Targeting Trop-2 in Advanced Urothelial Carcinoma - Episode 6
First-line treatment options available for patients with metastatic urothelial carcinoma and variables that impact treatment selection.
Petros Grivas, MD, PhD: Let’s focus on metastatic disease. I’ll start with first-line therapy. What are the first-line options in patients who are eligible for first-line treatment? Obviously in metastatic disease, there’s no curative intent. But do you use chemotherapy? Do you use immunotherapy? I will make a quick parenthesis to relate this to our prior discussion. The role of PD-L1 testing isn’t clear, especially with localized disease. We don’t use PD-L1 at all for localized disease. Do you use it for metastatic disease? Does it help you with the selection of first-line therapy in the metastatic setting?
Neeraj Agarwal, MD: That’s a great question, and I’d also like your opinion on this. We’re driven by ongoing trials, especially the molecularly targeted trials. We have several open at Huntsman Cancer Institute as well. It’s a standard of care for us to obtain comprehensive genomic profiling of the bladder tumors when we see patients for the first time. When we see them in the localized setting, we obtain the genomic profile, which includes PD-L1 testing results. When we see the patients for the first time in metastatic setting, we obtain the genomic profile.
Although PD-L1 testing is a reflex test in our institution by our pathologists, they do it because of the FDA mandate that came a couple of years ago that high levels are mandatory before we can order single-agent PD-1/PD-L1 inhibitors. It’s done on a reflex basis. More common is the increasing use of comprehensive genomic profiling for all our patients with all solid tumors, which has made this decision much easier. We get the results whether we’re looking for it or not. That’s the answer to your first question.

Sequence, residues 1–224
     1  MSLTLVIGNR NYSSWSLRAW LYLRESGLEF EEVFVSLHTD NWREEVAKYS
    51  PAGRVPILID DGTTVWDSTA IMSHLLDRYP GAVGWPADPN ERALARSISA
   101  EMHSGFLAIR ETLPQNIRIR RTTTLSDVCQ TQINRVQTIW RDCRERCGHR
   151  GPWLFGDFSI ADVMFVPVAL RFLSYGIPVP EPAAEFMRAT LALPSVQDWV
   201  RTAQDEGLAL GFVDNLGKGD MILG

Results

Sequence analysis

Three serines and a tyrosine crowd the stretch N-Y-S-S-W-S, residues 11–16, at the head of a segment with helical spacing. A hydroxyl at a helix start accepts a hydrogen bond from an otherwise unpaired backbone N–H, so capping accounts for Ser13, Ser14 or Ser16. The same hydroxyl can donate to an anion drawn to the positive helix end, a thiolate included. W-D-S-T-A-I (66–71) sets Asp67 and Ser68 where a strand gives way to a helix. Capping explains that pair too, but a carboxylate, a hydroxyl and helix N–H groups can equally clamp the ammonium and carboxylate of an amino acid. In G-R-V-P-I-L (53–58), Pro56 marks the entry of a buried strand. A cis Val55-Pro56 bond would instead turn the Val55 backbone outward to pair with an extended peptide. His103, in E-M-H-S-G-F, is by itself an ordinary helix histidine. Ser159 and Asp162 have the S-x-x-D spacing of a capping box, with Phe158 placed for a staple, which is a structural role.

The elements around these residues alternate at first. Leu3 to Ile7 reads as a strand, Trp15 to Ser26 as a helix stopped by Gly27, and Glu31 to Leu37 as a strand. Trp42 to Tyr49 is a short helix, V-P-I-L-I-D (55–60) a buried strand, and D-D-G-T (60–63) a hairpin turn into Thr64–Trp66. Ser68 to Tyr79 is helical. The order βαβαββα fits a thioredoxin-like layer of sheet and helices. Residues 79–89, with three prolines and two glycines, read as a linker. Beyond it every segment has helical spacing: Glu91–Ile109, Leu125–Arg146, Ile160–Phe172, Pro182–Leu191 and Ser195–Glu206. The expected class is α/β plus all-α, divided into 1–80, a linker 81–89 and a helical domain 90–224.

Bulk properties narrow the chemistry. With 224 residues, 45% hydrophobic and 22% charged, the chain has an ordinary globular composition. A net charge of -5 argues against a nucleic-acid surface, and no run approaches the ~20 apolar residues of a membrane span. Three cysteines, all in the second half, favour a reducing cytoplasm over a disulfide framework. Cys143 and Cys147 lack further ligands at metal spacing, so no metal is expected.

In regard to first-line therapy, I don’t think it helps [with selection], despite all the recent advances in the second- and third-line settings. The first-line therapy space has remained pretty stagnant over the last 5 or 6 years. Other than the results of the IMvigor210 and KEYNOTE-052 trials bringing atezolizumab and pembrolizumab for our patients who aren’t eligible for platinum-based chemotherapy, the first-line space is the same as it was 10 years ago. Decision-making is pretty easy in this space. Patients who don’t match any of the following criteria—ECOG performance status of 2 or higher, creatinine clearance of less than 60 mL/min, grade 2 neuropathy or hearing loss or higher, and class 3 heart failure—are eligible for cisplatin. I would say that 50% of my patients don’t have any of these cisplatin-unfit criteria.
Of the other 50% of patients, 40% still remain eligible for carboplatin-based chemotherapy. I really want to see who’s ineligible for any platinum. Obviously, we don’t have defined criteria that are validated and accepted commonly. The remaining 10% will not be eligible for any platinum, either cisplatin or carboplatin. What’s your experience?
Petros Grivas, MD, PhD: Neeraj, you covered it so well. I completely agree with you. The criteria to assess cisplatin fitness is the Galsky criteria published in the Journal of Clinical Oncology in 2011, based on consensus agreement of different medical oncologists who treat patients with urothelial cancer. You covered them well. Age is not 1 of those criteria. It’s mainly patients with higher ECOG performance status in whom it’s very difficult to give cisplatin.